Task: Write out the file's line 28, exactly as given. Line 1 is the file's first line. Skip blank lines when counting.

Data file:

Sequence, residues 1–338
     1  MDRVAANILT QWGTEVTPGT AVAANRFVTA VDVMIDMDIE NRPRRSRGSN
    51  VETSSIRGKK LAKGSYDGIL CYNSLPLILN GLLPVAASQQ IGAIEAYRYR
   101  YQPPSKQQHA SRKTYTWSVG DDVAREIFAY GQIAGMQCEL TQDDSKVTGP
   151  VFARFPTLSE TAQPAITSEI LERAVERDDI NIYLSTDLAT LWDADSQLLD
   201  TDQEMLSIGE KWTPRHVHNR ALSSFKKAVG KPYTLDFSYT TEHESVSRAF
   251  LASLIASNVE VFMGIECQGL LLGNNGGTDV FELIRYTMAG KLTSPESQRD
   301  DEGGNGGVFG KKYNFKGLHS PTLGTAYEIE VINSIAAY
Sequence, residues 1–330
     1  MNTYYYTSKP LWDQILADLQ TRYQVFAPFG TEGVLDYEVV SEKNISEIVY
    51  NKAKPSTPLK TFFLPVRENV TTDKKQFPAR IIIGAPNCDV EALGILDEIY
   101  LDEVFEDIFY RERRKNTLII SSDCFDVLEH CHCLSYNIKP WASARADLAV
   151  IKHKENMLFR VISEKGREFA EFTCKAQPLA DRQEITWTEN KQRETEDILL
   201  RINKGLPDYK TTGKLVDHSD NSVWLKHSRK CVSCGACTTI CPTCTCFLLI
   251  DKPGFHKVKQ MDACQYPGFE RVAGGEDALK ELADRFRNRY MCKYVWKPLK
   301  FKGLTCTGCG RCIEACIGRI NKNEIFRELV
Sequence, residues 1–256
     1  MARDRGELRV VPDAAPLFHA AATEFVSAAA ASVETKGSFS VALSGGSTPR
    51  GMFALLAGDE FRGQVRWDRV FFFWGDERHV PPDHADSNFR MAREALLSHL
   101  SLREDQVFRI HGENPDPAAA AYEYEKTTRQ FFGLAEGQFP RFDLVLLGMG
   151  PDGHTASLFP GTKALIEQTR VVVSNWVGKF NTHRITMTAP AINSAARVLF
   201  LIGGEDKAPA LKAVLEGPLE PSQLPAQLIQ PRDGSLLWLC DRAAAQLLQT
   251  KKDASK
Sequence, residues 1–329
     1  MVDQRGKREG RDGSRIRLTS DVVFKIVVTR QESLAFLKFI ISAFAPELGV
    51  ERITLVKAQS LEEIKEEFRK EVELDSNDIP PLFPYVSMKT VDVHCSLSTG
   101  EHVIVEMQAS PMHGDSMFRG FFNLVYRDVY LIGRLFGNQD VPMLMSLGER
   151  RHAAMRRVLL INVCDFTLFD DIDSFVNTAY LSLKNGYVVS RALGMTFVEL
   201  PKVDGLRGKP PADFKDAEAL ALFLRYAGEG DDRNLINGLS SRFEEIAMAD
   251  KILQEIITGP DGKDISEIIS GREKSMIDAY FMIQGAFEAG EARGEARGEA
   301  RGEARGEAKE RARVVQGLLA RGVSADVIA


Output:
   151  RHAAMRRVLL INVCDFTLFD DIDSFVNTAY LSLKNGYVVS RALGMTFVEL